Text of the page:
Breaking Down The Special Teams Of The Dallas Cowboys
With 2013 NFL campaign in the books, it is time to look ahead to the 2014 season. For the Dallas Cowboys, 2014 cannot get here soon enough. After another disappointing season missing the playoffs for a fourth straight year, Dallas will hope next year will be different. Before they can get to the 2014 season, they must first make offseason moves to try to improve the team. I have been breaking down the Cowboys’ roster by position, and now I’m going to focus on the special teams.
In 2013, the special teams were probably the best unit for the Cowboys. Punter Chris Jones had a good year with 30 punts landing inside the opposing team’s 20-yard line. The punt coverage team was good, allowing only nine yards per return. The kickoff coverage team was much improved as well.
In a league where many games are decided by a field goal, having a great kicker is a must. Kicker is one position Dallas doesn’t have to worry about. Dan Bailey is as automatic as any kicker in the league. In the past two seasons, Bailey has made 57 out of 61 kicks, and only one of his four misses was from under 50 yards. Dallas can rest easy knowing that if they send out Bailey with the game on the line they are more than likely going to walk away with a win.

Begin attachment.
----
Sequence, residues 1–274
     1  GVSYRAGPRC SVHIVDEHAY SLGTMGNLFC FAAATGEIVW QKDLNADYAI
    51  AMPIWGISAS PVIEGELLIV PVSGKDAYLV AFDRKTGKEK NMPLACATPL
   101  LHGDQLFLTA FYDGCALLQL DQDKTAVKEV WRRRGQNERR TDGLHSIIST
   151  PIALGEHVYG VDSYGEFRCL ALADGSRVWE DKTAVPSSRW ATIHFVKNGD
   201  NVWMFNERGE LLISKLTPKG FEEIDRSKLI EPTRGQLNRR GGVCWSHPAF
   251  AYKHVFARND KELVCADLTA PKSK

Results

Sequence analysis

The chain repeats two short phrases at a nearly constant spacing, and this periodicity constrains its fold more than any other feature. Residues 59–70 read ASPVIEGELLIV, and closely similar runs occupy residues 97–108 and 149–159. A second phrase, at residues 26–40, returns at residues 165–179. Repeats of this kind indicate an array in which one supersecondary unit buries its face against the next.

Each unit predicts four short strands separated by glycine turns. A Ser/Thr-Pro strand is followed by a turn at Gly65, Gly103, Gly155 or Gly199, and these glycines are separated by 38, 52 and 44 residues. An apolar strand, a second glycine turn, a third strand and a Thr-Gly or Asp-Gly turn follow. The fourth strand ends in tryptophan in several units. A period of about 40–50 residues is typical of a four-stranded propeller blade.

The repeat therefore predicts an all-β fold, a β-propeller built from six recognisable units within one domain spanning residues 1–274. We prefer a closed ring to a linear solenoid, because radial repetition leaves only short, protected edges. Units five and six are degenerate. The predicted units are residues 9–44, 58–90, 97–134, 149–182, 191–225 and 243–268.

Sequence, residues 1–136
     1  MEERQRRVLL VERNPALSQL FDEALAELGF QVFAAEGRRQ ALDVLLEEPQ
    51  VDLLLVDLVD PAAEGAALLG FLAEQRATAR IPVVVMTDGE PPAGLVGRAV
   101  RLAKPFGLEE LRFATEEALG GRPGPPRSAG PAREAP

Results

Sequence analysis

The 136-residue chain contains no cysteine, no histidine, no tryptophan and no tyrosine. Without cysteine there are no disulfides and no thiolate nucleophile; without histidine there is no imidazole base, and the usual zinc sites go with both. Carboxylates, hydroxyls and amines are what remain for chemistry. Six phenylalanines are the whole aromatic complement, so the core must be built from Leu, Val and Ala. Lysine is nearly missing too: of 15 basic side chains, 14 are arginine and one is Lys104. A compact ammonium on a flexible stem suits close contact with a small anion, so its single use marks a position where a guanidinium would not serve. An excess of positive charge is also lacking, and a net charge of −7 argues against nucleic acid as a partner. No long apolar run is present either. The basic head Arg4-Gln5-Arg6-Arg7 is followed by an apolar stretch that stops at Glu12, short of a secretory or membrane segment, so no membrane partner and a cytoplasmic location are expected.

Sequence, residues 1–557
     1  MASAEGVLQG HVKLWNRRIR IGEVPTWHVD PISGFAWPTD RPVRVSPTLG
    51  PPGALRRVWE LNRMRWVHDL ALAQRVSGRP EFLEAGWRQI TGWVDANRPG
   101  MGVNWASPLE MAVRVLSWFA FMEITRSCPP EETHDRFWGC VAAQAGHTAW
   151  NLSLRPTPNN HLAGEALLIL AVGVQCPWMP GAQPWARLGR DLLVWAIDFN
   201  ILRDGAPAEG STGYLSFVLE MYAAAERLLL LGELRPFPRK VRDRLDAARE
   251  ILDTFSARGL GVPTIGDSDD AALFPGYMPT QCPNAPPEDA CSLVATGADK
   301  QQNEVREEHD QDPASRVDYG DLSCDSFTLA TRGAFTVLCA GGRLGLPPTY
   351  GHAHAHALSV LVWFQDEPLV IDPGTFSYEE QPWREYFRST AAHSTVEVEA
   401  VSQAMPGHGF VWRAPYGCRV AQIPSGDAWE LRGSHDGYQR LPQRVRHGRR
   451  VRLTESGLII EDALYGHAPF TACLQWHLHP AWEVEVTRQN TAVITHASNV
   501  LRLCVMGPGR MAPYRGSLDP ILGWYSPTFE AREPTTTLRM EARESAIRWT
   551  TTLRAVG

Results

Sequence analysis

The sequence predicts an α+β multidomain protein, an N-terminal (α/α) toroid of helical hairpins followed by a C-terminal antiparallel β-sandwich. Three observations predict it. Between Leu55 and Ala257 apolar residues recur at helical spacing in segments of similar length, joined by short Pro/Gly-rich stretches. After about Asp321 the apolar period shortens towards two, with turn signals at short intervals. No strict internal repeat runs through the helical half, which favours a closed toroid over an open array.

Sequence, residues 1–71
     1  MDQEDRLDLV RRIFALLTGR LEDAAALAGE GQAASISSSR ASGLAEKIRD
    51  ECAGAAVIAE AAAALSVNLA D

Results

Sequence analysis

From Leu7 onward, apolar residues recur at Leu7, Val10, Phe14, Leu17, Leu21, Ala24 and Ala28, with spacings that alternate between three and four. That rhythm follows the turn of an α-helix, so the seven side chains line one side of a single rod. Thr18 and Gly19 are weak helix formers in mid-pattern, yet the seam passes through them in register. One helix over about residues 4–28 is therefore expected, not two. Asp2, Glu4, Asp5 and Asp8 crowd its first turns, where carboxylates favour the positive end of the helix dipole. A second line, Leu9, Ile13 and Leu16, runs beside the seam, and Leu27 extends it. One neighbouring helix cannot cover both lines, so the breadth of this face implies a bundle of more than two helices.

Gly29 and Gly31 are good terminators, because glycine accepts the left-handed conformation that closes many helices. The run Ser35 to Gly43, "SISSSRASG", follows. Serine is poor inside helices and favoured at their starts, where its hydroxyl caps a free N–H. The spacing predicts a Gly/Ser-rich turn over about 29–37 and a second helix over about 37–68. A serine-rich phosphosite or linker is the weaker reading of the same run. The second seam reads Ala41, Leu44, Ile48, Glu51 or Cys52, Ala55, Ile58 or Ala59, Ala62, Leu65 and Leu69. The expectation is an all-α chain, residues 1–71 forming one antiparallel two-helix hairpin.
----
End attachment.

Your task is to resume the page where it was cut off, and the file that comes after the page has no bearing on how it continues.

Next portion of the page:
Another bright spot for Dallas was the kick and punt return game. Dewayne Harris was the primary kickoff and punt return guy. On kickoffs Harris averaged 30.6 yards per return, and on punts he averaged 12.8 yards with one touchdown return. Twice he won the NFC special teams Player of the Week.
As Dallas goes into the NFL Draft, they do not need to look at special teams. They have their kicker, punter and return guy. Dallas has a lot of holes on their roster, but special teams are not one of them. It is the one unit on their team that matches up well with the best teams in the league. For a team that is extraordinarily mediocre, that is saying a lot.